Broken Giants: the Jewish Mythology of Team ICO,
Although spoilers follow, an intensive knowledge of the plot is not required for this assessment. The elements dissected in this essay are given enough context to be understood by those who have not played the game. For those interested, a basic plot synopsis can be found here.
Everyone knows Shadow of the Colossus is a masterpiece. Every time the status of video games as an art form is brought into question you’ll find legions of fans there to put forth Team ICO’s iconic boss-rush as the best example the medium has produced. With beautiful scenery, a tastefully minimalist story, and simple, yet satisfying gameplay, the tale of The Wanderer’s tragic quest to slay 16 colossi and save a woman only known as Mono has been burned into the collective unconscious of the subculture. But did you know that the game is inspired largely by Jewish mythology?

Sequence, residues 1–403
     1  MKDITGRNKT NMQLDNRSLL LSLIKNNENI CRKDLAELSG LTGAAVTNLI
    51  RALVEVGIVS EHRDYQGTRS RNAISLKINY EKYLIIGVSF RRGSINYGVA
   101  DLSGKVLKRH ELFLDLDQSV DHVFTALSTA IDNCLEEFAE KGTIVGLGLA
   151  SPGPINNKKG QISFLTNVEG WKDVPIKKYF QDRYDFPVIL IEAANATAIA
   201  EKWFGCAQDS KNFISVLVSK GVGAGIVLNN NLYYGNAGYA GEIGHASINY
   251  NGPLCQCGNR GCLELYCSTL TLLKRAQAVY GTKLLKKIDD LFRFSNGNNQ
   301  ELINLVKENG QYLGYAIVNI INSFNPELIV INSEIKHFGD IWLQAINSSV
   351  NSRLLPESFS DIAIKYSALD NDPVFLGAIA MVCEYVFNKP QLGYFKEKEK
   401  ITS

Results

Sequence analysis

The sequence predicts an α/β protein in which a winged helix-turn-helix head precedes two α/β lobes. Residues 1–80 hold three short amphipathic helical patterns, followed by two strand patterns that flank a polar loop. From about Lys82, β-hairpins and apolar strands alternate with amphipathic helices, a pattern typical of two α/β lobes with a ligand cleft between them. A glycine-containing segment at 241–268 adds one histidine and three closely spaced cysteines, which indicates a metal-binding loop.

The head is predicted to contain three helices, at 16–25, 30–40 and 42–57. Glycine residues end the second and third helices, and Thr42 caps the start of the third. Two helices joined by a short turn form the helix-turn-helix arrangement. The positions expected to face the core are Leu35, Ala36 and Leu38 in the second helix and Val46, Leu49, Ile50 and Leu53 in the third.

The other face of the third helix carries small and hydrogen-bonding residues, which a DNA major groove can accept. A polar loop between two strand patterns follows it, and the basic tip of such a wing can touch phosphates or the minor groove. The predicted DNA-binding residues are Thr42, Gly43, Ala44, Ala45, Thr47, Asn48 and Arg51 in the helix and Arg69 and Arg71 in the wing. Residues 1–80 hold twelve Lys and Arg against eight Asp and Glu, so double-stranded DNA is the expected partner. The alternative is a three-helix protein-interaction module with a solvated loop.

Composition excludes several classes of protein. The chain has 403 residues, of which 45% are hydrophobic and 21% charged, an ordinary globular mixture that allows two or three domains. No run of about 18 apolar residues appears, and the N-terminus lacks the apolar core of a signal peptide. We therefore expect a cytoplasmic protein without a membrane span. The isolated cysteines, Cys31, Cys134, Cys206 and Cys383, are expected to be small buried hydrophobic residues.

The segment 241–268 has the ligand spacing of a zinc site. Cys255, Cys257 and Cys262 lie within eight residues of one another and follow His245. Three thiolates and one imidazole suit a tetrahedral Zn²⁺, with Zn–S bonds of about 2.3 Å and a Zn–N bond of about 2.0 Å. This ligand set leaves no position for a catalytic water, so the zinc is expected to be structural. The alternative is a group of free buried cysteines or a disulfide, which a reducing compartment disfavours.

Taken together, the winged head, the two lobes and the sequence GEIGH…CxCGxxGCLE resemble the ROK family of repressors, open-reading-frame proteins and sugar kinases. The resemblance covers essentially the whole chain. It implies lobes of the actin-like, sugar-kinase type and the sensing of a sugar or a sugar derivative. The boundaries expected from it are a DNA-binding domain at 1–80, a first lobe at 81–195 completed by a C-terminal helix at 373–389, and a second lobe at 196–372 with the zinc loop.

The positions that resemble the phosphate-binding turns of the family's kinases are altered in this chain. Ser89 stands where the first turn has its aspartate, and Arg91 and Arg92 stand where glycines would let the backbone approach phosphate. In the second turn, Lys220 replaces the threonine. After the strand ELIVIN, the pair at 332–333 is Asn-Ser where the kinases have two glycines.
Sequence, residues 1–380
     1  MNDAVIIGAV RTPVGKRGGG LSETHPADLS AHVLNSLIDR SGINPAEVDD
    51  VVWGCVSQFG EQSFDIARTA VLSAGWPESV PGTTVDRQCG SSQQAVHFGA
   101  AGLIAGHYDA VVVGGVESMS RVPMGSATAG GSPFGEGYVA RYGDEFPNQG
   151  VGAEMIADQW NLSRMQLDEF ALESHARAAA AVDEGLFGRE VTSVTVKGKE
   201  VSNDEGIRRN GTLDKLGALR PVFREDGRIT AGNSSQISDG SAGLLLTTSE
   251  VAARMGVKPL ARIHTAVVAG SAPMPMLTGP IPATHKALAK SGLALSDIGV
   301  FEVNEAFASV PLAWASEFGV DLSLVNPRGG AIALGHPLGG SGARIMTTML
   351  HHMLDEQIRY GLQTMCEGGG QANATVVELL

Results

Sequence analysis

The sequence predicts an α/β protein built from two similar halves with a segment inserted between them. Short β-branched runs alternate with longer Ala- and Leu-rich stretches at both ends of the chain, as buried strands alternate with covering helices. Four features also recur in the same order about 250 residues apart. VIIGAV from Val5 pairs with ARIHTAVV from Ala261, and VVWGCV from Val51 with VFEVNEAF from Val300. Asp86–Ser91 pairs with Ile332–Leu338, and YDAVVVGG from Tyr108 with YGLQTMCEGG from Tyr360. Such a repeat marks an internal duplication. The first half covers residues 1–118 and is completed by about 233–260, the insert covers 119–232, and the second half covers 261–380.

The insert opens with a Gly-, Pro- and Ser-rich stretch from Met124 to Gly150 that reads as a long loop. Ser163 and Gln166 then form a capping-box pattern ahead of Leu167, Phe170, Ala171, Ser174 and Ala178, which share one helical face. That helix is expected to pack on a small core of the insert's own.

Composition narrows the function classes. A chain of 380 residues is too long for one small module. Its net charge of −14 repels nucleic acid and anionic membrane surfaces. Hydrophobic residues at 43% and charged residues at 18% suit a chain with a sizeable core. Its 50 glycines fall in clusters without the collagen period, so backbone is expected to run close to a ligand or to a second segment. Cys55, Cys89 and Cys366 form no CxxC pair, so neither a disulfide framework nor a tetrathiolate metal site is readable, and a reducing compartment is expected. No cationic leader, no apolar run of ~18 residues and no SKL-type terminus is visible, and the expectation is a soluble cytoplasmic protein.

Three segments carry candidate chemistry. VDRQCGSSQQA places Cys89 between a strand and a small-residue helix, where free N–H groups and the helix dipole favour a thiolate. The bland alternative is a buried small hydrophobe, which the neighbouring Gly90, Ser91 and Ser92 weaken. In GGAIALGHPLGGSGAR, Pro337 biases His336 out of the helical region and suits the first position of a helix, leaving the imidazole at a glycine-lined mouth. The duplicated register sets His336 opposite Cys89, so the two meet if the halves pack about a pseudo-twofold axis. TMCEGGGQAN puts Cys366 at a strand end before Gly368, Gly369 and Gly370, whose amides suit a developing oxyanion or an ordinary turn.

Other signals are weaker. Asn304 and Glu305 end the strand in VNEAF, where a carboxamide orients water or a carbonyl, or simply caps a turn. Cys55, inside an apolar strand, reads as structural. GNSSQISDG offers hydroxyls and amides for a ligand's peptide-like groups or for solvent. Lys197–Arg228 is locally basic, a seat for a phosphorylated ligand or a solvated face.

It’s far from rare to see a Japanese developer take inspiration from Judeo-Christianity. For example, Atlus’ Megami Tensei games are absolutely indebted to biblical iconography, while even titles like Capcom’s Devil May Cry are rooted in extra-textual works, traditions, and teachings. As I’ve discussed before, a very common Japanese interpretation of the Yahweh/Satan binary is that of a “Law vs. Chaos” struggle, instead of a clear battle between good and evil. However, Shadow of the Colossus is perhaps best known for its subtlety, and it may be difficult to parse out the exact meaning behind the Pentateuchal allusions.